Watching nature take its course, from the top of a hill in northern England

Less than Most


We’ve less snow here most areas of the country, this is unusual, we’re the ones who usually cop for it. It’s been bitterly cold,  I’ve never caught sight of the thermometer above –3.7C all day.

Fields -1

I’ve been confined to the house today, I’ve yet another bout of some cold/flu bug (and whilst it isn’t anything like as bad as the  outbreak of purple giraffes, I do feel rather bleugh…..) The photo  above dates back to the 28th of November.

Given the general ‘shock horror’ attitude going on around the country about snow,   I feel it is worth reposting these photos from the family archives, the full story is here

From 1901


and 1947


I’m happy to be corrected, but I think both photos are of the village of Sparrowpit, the first one being the ‘Wanted Inn’

Author: uphilldowndale

Watching the rhythm of rural life, from the top of a hill in northern England. Having spent most of my life avoiding writing, I now need to do it! I am no domestic goddess, but if I were expecting visitors to my home, I would whisk round with the duster and plump up the cushions and generally make the place look presentable. I hope that by putting my words where others may see them it will encourage me to ‘tidy up and push the Hoover around’ my writing. On the other hand I may just be adding to the compost heap. Only time will tell! Pull up a chair, sit yourself down, I’ll put the kettle on.

15 thoughts on “Less than Most

  1. Thank you very much for keeping us so well entertained over the past year.

    Hopefully you will make a rapid recovery to ensure a superb Christmas for your family.

    All the best for 2011

  2. You should email the photo to the Wanted Inn — I bet they’d love to have it. Stay warm, drink plenty of fluids, and get well soon!

  3. Just stumbled into this blog through Gadget’s.
    It has charms to soothe the most-fevered of brows!
    I will make a point of reducing my blood pressure with a daily dose!

    • Welcome Ex-Peeler, if you’ve not stumbled across the Gadget- Uphilldowndale connection before, you’d best start here The soothing qualities of this blog have been mentioned by others, I have a dream that it will be available on prescription, but for the time being you must self medicate. BTW, that is a fine new avatar you’ve acquired, I’ve noticed they’ve broken out like a rash today.

  4. It’s astonishing how many people are surprised that it snows in winter. I see that Fee’s turned herself into a penguin. There’s someone who knows how to deal with the cold.

    It’s a shame to be sick when it would be so much fun to be out and about on the icy lanes. Wait, wait . . .

    • Gerry, I know if I stick my head over the parapet and declare myself fit, someone will be waiting to send me off on an adventure down an icy lane, being in possession of a 4×4 raises the game.
      But before I can go anywhere I’ll have to find where Spud has taken my boot!

  5. I’m shivering in my timbers looking at those cold temperatures ~ especially now that we have no snow and our temps are above zero (ranging from about 4 to 10 C which probably seems like the tropics at the moment!)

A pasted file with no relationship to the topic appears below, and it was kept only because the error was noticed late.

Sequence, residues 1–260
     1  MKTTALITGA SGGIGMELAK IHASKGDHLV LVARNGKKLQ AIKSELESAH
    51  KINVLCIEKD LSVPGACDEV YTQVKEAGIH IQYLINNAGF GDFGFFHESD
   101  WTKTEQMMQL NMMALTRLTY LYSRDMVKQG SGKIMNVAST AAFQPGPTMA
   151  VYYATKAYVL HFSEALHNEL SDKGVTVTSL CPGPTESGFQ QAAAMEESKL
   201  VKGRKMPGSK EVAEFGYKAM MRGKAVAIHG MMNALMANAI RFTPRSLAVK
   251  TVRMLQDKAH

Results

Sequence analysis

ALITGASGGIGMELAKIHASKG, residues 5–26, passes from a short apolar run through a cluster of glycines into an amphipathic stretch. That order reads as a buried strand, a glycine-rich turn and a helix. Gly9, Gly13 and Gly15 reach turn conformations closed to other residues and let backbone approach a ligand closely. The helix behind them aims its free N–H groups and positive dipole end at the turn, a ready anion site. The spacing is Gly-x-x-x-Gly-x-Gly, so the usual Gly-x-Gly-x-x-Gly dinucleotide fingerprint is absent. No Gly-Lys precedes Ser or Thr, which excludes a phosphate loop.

I am so sorry to hear you are feeling under the weather, but am happy to hear the purple giraffes have not ‘resurfaced’!) Any giraffe would turn purple in the freezing weather you are experiencing. I’m hoping that you are feeling better each minute and that you and your dear family have a lovely Christmas season!

  6. I’d be willing to bet they didn’t close the schools back then, either. My two are already checking the council website in a pre-Christmas burst of hope for an early finish!

    As for my shiny new avatat – love penguins, what can I say? I love the real, funny little birds and I love the biscuits, too!

  7. The existence of statistics going back over a long period combined with the ease of computer analysis means that, no matter what weather conditions prevail, we can always say they are the worst/worst/wettest/driest/coldest/hottest for X years. This sounds significant but isn’t. All it means is that weather conditions vary, sometimes in ways we like and sometimes in ways we don’t like.

    Still, this makes fodder for the tabloids and their simple-minded readers.

  8. Ah 1947, I was nine and I remember it so clearly and, yes Fee, you are correct, not one day off school.

    Grownups dug paths two foot wide and they all led to school!!!!

    Two foot pathways cleared by ordinary people to join onto the main roads which the then councils, who did not have gritters, snow ploughs, in fact zilch but had guts and determination kept them open – snow shovelled by hand by everybody.

    So the trams managed to run but nearly everybody walked everywhere. Dad walked 7 miles to the pit, put in a full 10 hour shift and walked 7 miles back.

    Maybe because we had just come through WWII the grownups were just used to getting on with it and do it yourself.

  9. Yes – we foolishly thought we had escaped this second coming of the snow – how stupid eh? Yes – snowed in yet again! The kitchen calleth!

  10. There were several inches here in London yesterday morning which as usual caused chaos!
    Just imagine what it would be like if we had a winter like the ones you show here! xx

  11. That first photo is amazing – this landscape seems almost endless, there is a depth and light that is magic in this image. I like the two old photos – they give a fine perspective to the weather now.

  12. Well, that’s amazing! It puts things in perspective. Round here I think they are making a lot of fuss about nothing. People are getting paranoid about the snow when actually it’s just not that bad here. It’s cold though …

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